Does Atmel licensed AVR to others?

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Any infos if Atmel licensed the AVR CPU to other chip manufacturers? I'm
bothering with their current chips available (Only large pin-count etc.).
Cheers -
Henry




Re: Does Atmel licensed AVR to others?


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20 pins is too large?
rw


Re: Does Atmel licensed AVR to others?
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I thought they had 8 pin versions, no?

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Rick "rickman" Collins

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Re: Does Atmel licensed AVR to others?
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More to the point... 8 pins is too large? (ATtiny)

:)

Re: Does Atmel licensed AVR to others?
writes
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No... and it is not likely to happen IMHO. The world has gone ARM mad
and for those who don't need ARM there is the multi source 8051.... It
is unlikely that the AVR will go anywhere else.

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Re: Does Atmel licensed AVR to others?
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Atmel has licensed the AVR to other companies, but they are using it for
internal purposes only.

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Best Regards
Ulf at atmel dot com
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Re: Does Atmel licensed AVR to others?
Sorry. For the low pin-count I mixed my ARM ideas late-nite :) You're right
with 8 pins.
I know the AVR core is just 400 gates. So it should be possible to prog a
FPGA for it...
- Henry

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Re: Does Atmel licensed AVR to others?
Sorry. Read 4000 gates!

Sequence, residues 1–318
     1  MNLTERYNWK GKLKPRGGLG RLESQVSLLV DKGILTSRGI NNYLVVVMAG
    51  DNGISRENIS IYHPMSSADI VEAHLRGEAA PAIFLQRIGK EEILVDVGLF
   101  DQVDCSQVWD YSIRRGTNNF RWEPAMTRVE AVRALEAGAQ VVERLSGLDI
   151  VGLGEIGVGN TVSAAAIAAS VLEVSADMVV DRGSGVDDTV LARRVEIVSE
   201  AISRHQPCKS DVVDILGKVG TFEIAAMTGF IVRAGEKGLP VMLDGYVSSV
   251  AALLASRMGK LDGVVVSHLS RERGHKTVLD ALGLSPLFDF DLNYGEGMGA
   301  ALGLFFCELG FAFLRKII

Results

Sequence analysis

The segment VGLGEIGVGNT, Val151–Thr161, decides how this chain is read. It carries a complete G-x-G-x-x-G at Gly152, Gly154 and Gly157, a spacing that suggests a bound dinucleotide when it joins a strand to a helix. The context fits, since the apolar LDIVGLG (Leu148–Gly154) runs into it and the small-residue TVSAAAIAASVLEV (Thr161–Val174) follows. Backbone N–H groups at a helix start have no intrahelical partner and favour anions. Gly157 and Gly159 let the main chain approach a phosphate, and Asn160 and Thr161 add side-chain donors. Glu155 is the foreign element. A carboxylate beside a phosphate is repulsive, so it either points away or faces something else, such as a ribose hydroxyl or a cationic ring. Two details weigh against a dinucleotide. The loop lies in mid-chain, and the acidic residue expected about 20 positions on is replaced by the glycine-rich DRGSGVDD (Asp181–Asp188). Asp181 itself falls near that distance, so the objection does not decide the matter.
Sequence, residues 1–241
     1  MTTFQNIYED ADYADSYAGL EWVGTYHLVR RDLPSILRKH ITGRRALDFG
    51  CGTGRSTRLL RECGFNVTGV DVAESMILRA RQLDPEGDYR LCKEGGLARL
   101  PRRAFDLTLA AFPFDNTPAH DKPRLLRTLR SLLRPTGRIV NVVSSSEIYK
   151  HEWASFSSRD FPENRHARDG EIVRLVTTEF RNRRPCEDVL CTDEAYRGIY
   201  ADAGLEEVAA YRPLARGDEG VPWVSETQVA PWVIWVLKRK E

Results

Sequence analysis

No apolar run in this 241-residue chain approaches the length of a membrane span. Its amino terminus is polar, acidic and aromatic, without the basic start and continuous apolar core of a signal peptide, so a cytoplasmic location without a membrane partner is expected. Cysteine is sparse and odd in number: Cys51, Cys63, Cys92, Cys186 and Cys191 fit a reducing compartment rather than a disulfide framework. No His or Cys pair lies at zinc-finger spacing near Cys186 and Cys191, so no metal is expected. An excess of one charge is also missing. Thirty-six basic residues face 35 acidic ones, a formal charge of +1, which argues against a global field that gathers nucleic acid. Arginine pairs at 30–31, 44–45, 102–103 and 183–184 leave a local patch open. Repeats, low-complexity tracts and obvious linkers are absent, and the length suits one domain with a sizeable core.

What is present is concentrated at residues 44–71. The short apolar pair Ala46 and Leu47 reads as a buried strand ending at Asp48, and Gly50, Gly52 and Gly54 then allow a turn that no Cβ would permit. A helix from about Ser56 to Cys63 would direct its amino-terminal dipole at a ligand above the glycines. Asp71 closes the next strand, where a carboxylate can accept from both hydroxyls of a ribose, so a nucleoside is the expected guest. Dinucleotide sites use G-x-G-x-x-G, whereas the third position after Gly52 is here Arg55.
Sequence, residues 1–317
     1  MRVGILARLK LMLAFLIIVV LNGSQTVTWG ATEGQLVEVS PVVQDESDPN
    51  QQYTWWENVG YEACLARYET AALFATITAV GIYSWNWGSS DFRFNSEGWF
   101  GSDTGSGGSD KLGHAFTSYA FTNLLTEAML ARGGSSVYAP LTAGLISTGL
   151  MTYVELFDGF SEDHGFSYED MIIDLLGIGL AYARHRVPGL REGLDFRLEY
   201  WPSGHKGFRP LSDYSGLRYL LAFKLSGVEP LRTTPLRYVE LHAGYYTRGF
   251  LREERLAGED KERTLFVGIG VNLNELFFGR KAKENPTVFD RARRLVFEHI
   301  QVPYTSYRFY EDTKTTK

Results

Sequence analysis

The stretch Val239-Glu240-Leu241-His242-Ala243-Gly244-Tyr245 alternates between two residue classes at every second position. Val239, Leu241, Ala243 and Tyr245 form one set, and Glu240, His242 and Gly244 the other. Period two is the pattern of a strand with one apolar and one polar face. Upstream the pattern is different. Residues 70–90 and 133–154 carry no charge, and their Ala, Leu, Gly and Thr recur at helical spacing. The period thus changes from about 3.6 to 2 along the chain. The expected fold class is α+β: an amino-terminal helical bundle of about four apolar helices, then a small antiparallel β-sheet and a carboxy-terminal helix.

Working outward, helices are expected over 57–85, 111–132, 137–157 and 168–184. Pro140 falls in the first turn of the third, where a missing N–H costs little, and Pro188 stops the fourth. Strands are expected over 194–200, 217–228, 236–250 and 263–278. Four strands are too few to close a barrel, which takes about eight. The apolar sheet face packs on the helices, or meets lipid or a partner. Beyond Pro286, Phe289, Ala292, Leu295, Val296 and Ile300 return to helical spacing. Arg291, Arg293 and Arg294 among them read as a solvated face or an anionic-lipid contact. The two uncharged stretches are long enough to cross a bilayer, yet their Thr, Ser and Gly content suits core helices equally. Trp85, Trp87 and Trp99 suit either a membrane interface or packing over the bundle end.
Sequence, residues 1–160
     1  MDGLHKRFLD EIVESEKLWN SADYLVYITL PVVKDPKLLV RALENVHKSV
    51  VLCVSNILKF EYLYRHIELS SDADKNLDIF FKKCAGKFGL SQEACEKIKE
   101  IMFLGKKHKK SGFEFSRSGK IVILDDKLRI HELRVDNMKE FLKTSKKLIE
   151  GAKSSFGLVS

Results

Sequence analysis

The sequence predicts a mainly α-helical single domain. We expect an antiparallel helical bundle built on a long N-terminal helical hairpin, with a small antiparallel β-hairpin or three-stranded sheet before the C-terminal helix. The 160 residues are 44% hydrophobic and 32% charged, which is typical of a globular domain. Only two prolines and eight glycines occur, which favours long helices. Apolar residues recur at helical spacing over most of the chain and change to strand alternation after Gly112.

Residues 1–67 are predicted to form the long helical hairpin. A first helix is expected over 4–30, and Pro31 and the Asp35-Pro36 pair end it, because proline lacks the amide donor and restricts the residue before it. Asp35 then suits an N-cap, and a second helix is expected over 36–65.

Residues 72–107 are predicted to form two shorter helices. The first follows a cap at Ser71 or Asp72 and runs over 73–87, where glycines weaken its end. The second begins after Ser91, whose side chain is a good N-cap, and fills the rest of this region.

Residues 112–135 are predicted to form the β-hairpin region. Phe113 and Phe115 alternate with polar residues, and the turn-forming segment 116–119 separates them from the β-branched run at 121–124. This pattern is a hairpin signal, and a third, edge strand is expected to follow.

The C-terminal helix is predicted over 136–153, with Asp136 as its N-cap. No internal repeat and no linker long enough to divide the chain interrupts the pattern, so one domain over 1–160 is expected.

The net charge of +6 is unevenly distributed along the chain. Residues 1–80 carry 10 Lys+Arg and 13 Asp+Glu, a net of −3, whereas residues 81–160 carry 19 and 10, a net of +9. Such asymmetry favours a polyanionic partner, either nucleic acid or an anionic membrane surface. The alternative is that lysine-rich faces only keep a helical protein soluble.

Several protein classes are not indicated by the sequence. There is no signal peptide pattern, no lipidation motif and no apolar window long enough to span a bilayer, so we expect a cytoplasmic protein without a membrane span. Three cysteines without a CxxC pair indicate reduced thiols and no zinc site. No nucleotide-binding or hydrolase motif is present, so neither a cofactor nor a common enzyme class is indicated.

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Re: Does Atmel licensed AVR to others?
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right
a

Look at: http://WWW.opencores.org

There is a link to an AVR-core.

More precisely: http://www.opencores.org/projects/avr_core /

Regards, Willem Ouwerkerk.





Re: Does Atmel licensed AVR to others?
I know opencores website. Unfortunately the project description is mostly
empty? Or where is it? Speed? Lowest pin-count?
- Henry

w. ouwerkerk schrieb in Nachricht ...
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Re: Does Atmel licensed AVR to others?
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Pin-count has nothing todo with the core.
I think you need nothing more than Vcc, GND and Clock to
run the core.


Re: Does Atmel licensed AVR to others?
FPGA and CPLD have many pins...
- Henry

Erik Hermann schrieb in Nachricht ...
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Re: Does Atmel licensed AVR to others?
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prog

Fun for the homebrewers, but violates some patents according to the AVR
design centre ...
(Do not know which particular patents though)

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Best Regards
Ulf at atmel dot com
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Re: Does Atmel licensed AVR to others?

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   Are you saying that Atmel have a patent on any device that executes
the AVR instruction set, or some similar Intellectual Property
protection on AVR?
   I recall Zilog making the Z80 (a quarter century ago! I'm getting
old), which executes the Intel 8080 instruction set (as well as newer,
'enhanced' instructions). As I remember the story, Intel had copyright
on their 8080 mnemonics, so Zilog used different mnemonics for the
same instructions.
   I don't recall that Intel took any legal action against a
competitor making an 8080-compatible processor, but I expect that more
recently manufacturers would consider their instruction sets and
processor operations to be their own intellectual property, and
protect them accordingly.
   This is an interesting and important question in general: Does
anyone know of the legal status of various processor designs? I recall
hearing of the 68000 and similar processors being implemented in
FPGA's - would it infringe on some Motorola intellectual property to
sell a product using such FPGA's?